Survey shows leveling off in M&A market

Respondents to Dykema’s 12th Annual M&A Outlook Survey predict a flat year ahead with steady deal flow, expressing an overall neutral viewpoint coinciding with the recent leveling off of the global mergers and acquisitions market.

Nearly half (47 percent) of respondents said they expect the market will see no significant change in the next 12 months, up from 43 percent in last year’s survey.

Executives expressed some concerns about the effects corporate tax increases, increased federal regulation and taxation of carried interest could have on M&A in the coming year. But they believe other hot button news like Brexit fallout, financial-institution regulatory reform and uncertainty about the upcoming presidential election, will have a negligible effect on deals.

“When it comes to M&A in 2017, the biggest determining factor is likely the fate of the U.S. economy,” opined Thomas Vaughn, co-leader of Dykema’s M&A practice. “It’s not surprising that respondents – seeing a decline in 2016 deal volume after several years of strong growth – are taking a wait-and-see approach.”

The survey yielded a number of other interesting conclusions, including:

•  By a two-to-one margin, respondents said the policies of Republican Donald Trump, if elected, would be more supportive of the U.S. M&A market than Democrat Hillary Clinton. But a plurality of respondents said both candidates would have a neutral effect on the U.S. M&A market in 2017.

• About half of respondents (49 percent) said availability of capital was most responsible for fueling current M&A activity, essentially the same percentage as in 2015. Twenty-five percent of respondents credited favorable interest rates, a 7 percentage point increase from 2015 despite the Federal Reserve’s December 2015 rate increase.

• Respondents said U.S. financial buyers had the most influence on U.S. deal valuation over the past 12 months. This was the first time strategic U.S. buyers weren’t seen as the most influential since the 2008 survey – even if financial buyers beat out strategics by only 5 percentage points.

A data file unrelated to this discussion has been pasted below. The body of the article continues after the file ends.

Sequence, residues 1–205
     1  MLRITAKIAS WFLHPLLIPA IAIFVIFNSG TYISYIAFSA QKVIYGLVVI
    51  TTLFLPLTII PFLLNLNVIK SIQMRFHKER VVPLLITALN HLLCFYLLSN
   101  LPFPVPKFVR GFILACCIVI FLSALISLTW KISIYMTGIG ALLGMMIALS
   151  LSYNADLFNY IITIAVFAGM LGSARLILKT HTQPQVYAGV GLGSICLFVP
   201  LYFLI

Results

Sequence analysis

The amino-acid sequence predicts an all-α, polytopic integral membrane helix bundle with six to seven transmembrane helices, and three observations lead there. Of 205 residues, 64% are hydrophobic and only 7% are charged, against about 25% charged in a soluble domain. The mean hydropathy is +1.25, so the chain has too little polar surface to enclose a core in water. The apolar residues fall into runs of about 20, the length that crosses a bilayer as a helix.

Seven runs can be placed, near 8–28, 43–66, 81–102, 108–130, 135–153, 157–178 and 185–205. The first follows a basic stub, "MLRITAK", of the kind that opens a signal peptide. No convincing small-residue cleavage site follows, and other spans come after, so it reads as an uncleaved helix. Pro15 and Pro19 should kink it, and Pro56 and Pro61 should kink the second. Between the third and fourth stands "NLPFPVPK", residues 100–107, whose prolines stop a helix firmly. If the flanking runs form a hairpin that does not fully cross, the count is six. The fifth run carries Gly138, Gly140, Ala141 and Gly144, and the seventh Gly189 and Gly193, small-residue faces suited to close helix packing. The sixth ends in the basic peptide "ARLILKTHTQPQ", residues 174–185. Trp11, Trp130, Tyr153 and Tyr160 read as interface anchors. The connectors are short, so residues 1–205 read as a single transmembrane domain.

• Sixty-eight percent of respondents said they expected an increase in M&A activity from privately owned businesses in 2016, down from 72 percent last year. The 4 percent difference basically mirrors the drop in the percentage of respondents predicting M&A growth this year.

• Despite the drop in overall confidence, 70 percent of respondents said they expect an acquisition involving their company or one of their portfolio companies in the next 12 months, up from 67 percent in 2015. Forty-eight percent expected a sale, compared with 42 percent last year.

• Aging business owners seeking to sell were again seen as the top driver for growth in M&A activity from privately owned businesses.

“While this year’s report demonstrates a more neutral sentiment for the global M&A market as a whole, there are segments of the market catching attention, including the energy, healthcare and technology sectors,” said Jeff Gifford, co-leader of Dykema’s M&A practice. “On the international front, the pace of outbound acquisitions by Chinese companies, particularly in the U.S. and Europe, does not appear to be slowing down anytime soon. This trend is in large part due to an increasing level of comfort navigating Chinese regulatory bodies and growing confidence that these deals will go through successfully.”

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